2. Tim: speaking of you taking a couple of weeks off, I haven’t seen any new postings at Forbes since the Amazon tax article. Have you and Forbes parted ways, or are you too busy?

    Tim adds: They’ve asked me to take a month off while they consider changes to what I do there….

  3. @Tim
    that in itself is an interesting comment on libertarianism. The left has a very long history of organising itself a way of disseminating its philosophies. Almost any town of size will have its lefty bookshop & lefty writers can get a paying audience for small circulation polemic. For libertarian stuff, it’s almost impossible to find what’s been written or obtain it. Truth is, libertarians expend more energy arguing with each other (see Samizdata) than they do disseminating their views to a wider public. Does the view from the libertarian assole have to be so limited or should heads be pulled out?

  4. Do it as an eBook and back-fund it via sales? Maybe with a bit of crowdsource funding up front to pay your bills?

    @BIS

    This is who whole problem with the right, vs the left (for want of better terms).

    Our goal is individual freedom – hard to organise for that.

    Their’s is collectivism, for most of us, which is by its very nature easier to organise for. It’s a natural part of the process.

    They are basically hapy to be dishonest, in pursuit of their goals. The end justifies the means, which is why they go on long marches, literally and figuratively, and why once they get where they are going they are happy to throw their best friends and family members under the bus in show trials, denunciations or exile.

    Whereas we are more concerned with truth and principles, so we do the throwing before we get going. I prefer us, but it does – in conjunction with a stupid electorate and a lying ‘liberal’ state media – make it a harder battle to win.

  5. indeed, Interested.
    But if you wish to obtain a consensus in favour of your philosophy, you have to work in the existent world. The left has no problem working with the tools of capitalism to sell (that wholly market notion) its literature. There’s no notion of “from each according to his abilities, to each according to his needs” in left publishing. It’s money on the counter for the book.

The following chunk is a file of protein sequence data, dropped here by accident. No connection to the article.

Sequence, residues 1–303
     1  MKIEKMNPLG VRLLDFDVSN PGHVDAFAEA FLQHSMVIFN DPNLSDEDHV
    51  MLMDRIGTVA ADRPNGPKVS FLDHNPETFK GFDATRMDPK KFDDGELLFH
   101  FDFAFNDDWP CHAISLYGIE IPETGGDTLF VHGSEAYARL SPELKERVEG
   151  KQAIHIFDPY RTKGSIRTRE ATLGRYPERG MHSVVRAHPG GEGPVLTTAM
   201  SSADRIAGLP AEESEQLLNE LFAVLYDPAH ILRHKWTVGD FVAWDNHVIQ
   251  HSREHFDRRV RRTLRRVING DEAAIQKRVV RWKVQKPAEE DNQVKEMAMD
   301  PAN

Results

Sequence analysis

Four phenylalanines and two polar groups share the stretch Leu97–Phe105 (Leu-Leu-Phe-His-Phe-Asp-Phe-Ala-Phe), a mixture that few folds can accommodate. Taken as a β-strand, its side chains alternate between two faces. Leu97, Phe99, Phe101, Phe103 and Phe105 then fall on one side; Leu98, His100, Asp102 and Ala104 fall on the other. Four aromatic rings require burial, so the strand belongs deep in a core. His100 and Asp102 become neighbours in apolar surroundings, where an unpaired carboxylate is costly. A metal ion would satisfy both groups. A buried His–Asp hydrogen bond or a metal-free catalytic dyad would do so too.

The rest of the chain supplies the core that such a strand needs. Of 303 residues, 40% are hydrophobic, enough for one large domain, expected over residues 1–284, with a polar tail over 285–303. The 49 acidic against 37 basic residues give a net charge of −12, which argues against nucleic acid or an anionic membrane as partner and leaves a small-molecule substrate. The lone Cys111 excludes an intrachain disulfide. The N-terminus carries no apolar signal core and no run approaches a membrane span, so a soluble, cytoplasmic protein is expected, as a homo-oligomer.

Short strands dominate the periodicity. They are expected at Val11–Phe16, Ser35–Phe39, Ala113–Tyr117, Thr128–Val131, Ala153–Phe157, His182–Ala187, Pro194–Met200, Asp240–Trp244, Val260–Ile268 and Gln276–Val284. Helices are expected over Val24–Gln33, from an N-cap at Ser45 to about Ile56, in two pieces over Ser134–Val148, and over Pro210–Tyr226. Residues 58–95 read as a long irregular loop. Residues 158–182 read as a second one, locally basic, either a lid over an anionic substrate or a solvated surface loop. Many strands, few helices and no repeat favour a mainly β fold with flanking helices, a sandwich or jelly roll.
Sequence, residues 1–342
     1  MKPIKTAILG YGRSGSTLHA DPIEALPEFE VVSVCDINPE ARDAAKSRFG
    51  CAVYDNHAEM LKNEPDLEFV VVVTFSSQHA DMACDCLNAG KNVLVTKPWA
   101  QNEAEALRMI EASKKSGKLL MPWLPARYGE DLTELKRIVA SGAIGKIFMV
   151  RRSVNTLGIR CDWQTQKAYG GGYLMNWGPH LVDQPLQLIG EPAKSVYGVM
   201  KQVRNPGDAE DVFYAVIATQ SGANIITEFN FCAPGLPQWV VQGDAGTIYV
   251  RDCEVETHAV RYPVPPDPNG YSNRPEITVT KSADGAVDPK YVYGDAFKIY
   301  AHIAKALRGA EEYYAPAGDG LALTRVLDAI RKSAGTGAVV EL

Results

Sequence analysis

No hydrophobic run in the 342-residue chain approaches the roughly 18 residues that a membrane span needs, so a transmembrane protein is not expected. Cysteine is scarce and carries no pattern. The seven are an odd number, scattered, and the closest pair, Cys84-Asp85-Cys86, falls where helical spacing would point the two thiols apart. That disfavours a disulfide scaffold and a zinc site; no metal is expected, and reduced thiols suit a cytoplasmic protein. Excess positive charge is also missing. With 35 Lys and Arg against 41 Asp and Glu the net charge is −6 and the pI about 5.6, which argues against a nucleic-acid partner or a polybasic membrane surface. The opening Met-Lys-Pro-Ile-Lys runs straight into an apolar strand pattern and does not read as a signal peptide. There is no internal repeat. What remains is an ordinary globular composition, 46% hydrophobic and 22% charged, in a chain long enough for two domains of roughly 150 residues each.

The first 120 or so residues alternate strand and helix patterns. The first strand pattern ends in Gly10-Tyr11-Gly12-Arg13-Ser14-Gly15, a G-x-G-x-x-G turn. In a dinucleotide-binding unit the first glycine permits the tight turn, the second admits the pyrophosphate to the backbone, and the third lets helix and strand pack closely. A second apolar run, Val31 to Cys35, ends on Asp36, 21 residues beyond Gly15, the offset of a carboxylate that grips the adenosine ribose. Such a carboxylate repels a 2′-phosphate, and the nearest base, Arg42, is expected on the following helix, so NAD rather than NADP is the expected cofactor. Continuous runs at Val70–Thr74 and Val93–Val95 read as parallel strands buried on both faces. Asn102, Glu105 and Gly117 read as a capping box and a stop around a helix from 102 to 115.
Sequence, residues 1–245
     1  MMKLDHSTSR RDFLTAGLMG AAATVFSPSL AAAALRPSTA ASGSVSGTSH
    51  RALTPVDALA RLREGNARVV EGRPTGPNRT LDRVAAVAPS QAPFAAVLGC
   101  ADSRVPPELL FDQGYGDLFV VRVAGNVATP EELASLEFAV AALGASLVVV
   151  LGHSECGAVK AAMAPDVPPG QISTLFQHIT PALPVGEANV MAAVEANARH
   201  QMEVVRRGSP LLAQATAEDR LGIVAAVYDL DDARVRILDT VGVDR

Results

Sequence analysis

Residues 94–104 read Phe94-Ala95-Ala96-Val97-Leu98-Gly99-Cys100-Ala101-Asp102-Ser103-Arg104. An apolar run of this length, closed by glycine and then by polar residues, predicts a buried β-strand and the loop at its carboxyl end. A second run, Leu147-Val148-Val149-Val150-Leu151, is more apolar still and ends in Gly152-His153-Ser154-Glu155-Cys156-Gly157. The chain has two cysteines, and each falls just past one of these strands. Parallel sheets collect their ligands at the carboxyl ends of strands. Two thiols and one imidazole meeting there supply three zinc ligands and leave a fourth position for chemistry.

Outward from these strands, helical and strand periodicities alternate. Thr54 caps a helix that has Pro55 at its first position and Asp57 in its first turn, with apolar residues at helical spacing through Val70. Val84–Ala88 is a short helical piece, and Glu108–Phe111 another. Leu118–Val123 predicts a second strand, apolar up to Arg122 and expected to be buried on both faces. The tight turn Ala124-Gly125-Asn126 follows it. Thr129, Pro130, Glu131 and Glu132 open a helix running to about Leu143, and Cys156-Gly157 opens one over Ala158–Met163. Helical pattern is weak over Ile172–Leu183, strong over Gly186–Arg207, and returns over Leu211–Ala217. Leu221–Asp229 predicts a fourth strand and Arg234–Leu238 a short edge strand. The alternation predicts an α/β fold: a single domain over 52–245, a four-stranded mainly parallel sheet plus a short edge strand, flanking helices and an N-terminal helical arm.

It’s an argument I’ve had over at Samizdata. ie The EDL are a bunch of dissatisfied people. So talk to the EDL & convince them libertarian ideas may be a solution to their dissatisfaction. But, apparently, lofty nose-holding is the response to dissatisfied people. In a similar situation, the left would be all over the people with Trot pamphlets. it’s how they hijack so many issues.

  6. And
    “Whereas we are more concerned with truth and principles, ”
    No you’re not.
    That’s a line straight from R. Murphy.
    The truths & the principals are different.

  7. Yes, I am.

    I am not sure what you mean by the truth and ‘principals’ being different. I was not saying they were synonymous.

    Equally, merely because R Murphy lies when saying something, that does not mean everyone who says the same thing is lying.

    The inverse of that statement is that I am concerned with lies and propaganda. The Left has a long history of this; I don’t, and neither do most of my fellow travellers.

    For instance, it is the truth that the freer the market the better it is for poor people, and that the more socialist a country the worse it is for the poor. But who says this, and who lies about it?

  8. Lanier is a white, dreadlocked dickhead. Assuming he still has his barnet. Last I heard of him was 20 years ago in the pages of the old “Mondo 2000″ magazine. He thought of himself as “futurist”. The return of Guilds–real futuristic that is.

  9. BIS-

    In a similar situation, the left would be all over the people with Trot pamphlets. it’s how they hijack so many issues.

    I’m not so sure. The “left” haven’t won because of the SWP and the like. It’s won by being the Establishment, basically. The Progressivism we live under is basically the consensus value system of the ruling class.

  10. @ Interested
    There’s nothing internally inconsistent about socialism. It’s entirely possible to have a socialist society cares for the poor. So within its context, socialism’s true.
    Ditto libertarianism.
    It’s where they interact with the real world’s the problem, because the real world’s neither socialist nor libertarian. Either would work if all could be convinced.
    But you do need to go through the process of convincing people. There’s no “truths” in philosophies outside their own context.

  11. @BIS

    You talked about ‘in the real world’, and on that basis I disagree with this: